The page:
At Washington Metropolitan High School, in the District of Columbia, many students struggle to keep going. The alternative school for at-risk youth features a litany of the toughest problems schools have to cope with: Chronic absenteeism, dropouts, violence, teenage pregnancy, suspension, tight budgets, and an ongoing challenge to meet adequate yearly progress.
In an ambitious project, a film crew went into D.C. Met for the entirety of the 2011-12 school year to give a broad picture of what a school in dire straits faces. The result, “180 Days: A Year Inside an American High School,” debuts tonight at 9 p.m. ET on PBS, with the other half showing tomorrow night.
“180 Days” gives a sweeping view of the climate inside alternative urban schools, starting with the school’s principal, Tanishia Minor, and moving out from there. The crew went into the high school every single day, and if the four-hour finished product seems expansive, it ultimately focuses on the difficulty of keeping a school together, let alone making it academically proficient.
“In these parts, we know these kids are walking in with these deficits, and every second counts,” Minor says.
The climate almost demands failure. When a student gets a great scholarship to college, they put the good news on the sign in front of the school.
The National Black Programming Consortium produced the film with funding from the Ford Foundation and American Graduate, a project of the Corporation for Public Broadcasting created to bring attention to the U.S. education system.
D.C. Met did not reach AYP in 2011, and the specter of accountability testing hangs over the school. The school’s cheerleaders even create songs promoting best efforts on the Comprehensive Assessment System tests, or CAS.
But other obstacles await, too, and Minor doesn’t sugarcoat it for her students. “The choices that you make in 9th grade will either afford you a world of opportunity or they will box you into something that you may not necessarily want, and all of us are here to help you,” Minor tells her freshmen on day one. That same day, she has to make an announcement over the PA system that counseling is available for any student who needs to talk about the death of a fellow classmate two weeks prior.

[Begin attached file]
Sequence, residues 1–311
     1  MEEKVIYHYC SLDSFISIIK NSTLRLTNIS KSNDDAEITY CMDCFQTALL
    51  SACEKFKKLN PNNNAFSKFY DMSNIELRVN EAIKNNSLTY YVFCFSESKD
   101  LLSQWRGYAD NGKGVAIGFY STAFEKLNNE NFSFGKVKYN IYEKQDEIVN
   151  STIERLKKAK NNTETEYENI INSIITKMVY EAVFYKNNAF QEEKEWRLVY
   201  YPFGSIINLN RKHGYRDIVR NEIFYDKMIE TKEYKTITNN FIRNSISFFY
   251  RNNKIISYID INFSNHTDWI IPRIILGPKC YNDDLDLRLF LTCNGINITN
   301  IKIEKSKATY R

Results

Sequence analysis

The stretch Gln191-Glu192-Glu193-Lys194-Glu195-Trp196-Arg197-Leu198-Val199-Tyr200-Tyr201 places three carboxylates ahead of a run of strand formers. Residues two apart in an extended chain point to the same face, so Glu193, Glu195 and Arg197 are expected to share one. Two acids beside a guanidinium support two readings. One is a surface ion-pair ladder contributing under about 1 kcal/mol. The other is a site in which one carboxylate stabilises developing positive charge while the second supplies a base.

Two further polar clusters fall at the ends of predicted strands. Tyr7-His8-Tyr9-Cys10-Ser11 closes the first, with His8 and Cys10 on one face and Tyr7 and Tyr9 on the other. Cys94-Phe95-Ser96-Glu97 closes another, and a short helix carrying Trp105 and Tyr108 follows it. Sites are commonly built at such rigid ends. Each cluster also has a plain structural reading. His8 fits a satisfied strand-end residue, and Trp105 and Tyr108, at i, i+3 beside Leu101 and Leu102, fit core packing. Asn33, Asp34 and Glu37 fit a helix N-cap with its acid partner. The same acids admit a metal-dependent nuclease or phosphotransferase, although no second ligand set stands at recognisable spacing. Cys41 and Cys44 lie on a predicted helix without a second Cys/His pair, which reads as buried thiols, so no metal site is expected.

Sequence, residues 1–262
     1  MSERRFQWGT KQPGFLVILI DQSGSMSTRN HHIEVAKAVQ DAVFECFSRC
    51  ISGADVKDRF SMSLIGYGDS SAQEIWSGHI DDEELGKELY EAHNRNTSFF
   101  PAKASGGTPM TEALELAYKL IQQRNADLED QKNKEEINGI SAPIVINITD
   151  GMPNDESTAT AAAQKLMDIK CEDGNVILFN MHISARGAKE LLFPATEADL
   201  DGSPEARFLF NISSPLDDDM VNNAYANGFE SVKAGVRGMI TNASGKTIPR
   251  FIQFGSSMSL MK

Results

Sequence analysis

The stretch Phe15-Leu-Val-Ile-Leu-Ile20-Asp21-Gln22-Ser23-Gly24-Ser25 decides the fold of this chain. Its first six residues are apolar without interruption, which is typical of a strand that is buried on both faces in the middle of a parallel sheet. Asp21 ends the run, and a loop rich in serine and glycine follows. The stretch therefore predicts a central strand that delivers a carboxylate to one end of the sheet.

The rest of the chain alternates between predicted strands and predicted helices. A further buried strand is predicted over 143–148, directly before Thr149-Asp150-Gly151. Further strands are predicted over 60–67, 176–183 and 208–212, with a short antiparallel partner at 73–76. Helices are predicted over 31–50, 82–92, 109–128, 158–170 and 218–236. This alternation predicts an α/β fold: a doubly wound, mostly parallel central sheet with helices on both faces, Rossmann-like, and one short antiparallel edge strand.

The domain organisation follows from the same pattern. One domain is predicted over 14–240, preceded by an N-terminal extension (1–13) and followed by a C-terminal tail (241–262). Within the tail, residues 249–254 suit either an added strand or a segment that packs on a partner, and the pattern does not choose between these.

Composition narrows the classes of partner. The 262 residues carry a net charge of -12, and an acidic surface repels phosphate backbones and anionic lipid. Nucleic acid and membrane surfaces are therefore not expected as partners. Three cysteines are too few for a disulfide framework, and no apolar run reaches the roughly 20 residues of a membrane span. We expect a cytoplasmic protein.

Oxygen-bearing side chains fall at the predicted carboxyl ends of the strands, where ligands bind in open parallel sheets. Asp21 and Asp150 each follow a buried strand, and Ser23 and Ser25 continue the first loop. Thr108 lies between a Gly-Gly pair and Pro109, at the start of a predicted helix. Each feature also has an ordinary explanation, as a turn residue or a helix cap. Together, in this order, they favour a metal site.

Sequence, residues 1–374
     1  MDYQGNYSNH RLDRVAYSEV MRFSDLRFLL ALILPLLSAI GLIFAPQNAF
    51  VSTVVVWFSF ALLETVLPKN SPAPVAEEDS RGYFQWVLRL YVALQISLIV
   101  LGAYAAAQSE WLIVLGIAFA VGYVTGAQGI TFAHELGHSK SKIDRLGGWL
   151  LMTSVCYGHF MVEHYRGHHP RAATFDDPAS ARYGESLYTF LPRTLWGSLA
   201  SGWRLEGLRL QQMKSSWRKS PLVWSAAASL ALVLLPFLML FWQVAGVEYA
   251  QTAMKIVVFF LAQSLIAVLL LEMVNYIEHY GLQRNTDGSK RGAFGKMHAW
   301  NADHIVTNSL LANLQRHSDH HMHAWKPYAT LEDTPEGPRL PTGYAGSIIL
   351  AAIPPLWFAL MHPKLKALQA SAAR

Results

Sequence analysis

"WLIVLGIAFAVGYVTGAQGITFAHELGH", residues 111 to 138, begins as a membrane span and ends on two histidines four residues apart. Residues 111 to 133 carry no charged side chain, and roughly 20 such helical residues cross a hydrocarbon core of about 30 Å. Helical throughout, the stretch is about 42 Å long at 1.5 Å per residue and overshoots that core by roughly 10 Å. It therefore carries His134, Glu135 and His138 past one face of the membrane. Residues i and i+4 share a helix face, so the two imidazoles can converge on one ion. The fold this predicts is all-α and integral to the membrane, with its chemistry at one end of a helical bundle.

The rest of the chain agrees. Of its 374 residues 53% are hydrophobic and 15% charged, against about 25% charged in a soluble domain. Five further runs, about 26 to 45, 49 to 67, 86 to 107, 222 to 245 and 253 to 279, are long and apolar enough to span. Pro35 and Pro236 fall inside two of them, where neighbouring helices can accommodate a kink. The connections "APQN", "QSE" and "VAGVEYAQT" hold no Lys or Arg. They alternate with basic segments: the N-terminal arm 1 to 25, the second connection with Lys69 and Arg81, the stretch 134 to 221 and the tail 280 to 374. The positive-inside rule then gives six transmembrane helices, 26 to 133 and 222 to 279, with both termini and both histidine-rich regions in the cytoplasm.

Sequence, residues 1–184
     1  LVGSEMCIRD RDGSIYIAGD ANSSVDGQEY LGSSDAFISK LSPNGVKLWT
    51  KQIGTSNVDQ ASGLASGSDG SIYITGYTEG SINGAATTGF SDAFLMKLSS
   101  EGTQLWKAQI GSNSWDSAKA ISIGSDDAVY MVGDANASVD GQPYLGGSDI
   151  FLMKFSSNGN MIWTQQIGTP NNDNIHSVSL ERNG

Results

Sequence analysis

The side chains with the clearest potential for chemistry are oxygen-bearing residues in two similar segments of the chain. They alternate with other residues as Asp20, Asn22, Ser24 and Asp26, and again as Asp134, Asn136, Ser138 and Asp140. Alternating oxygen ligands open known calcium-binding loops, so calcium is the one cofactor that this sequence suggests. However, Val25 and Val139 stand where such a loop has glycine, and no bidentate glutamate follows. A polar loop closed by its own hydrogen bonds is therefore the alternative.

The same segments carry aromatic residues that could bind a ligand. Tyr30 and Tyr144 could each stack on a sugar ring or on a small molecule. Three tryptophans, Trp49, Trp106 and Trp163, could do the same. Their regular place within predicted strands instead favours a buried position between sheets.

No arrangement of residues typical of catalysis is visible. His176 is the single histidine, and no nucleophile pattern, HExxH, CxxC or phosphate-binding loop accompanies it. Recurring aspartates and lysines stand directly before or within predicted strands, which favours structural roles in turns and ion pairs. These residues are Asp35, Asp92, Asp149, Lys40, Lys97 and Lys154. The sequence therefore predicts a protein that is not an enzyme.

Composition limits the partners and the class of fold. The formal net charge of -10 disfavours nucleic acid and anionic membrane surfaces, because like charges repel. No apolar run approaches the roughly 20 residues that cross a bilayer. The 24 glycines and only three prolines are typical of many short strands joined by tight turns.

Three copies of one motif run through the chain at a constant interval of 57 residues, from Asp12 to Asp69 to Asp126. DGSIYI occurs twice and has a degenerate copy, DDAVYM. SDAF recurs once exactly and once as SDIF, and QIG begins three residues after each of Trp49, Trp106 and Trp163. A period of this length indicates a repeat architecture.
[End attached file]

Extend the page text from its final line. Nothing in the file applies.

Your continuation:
Only 179 days left.
An undercurrent seeps through the film, a sense that’s just shy of disdain toward whoever thinks they have the next big solution for D.C. Met. Whether overtly or not, the school adopts an attitude of “Thanks, but no thanks” toward outside intervention, even as Minor and her staff strive to meet all expectations.
Indeed, D.C. Public Schools are in many ways at the epicenter of education politics. It starts with former D.C. schools chancellor Michelle Rhee’s IMPACT program, which restructured teacher evaluation, along with Rhee’s other reform initiatives. Then the 72,000-plus-student district applied to and won Race to the Top grant money from the Obama administration, on the basis of making major changes to district policy. And in 2011 federal budget negotiations, Republicans won a concession from President Obama to keep a district voucher program that Democrats wanted to see go.
“We keep getting bombarded with slogans and ways from outside on how we should improve the inside,” says Gary Barnes, the D.C. Met in-school suspension coordinator. “Come live here for a while, then tell us how to change it.”
For all the problems, director Jacquie Jones maintained at a pre-screening in Washington last week that “180 Days” is, overall, an optimistic film. That shows, too, not just in the persistence of the teachers, but in the mentality of the students who come to class.
“It was completely transformative. I think it changed all of our views on education,” said coordinating producer Alexis Aggrey, after the screening. “I think it made us feel, after we shot it and going through all the footage, we just feel like this piece was going to be bigger than what we expected it to be, and I think it lends a voice to this conversation that wouldn’t have normally been captured.”
“180 Days: A Year Inside an American High School” runs in two two-hour segments, tonight and tomorrow, on most PBS stations nationwide. It’s scheduled for 9 p.m. in many markets, but check your local listings for the exact time.
A version of this news article first appeared in the Rules for Engagement blog.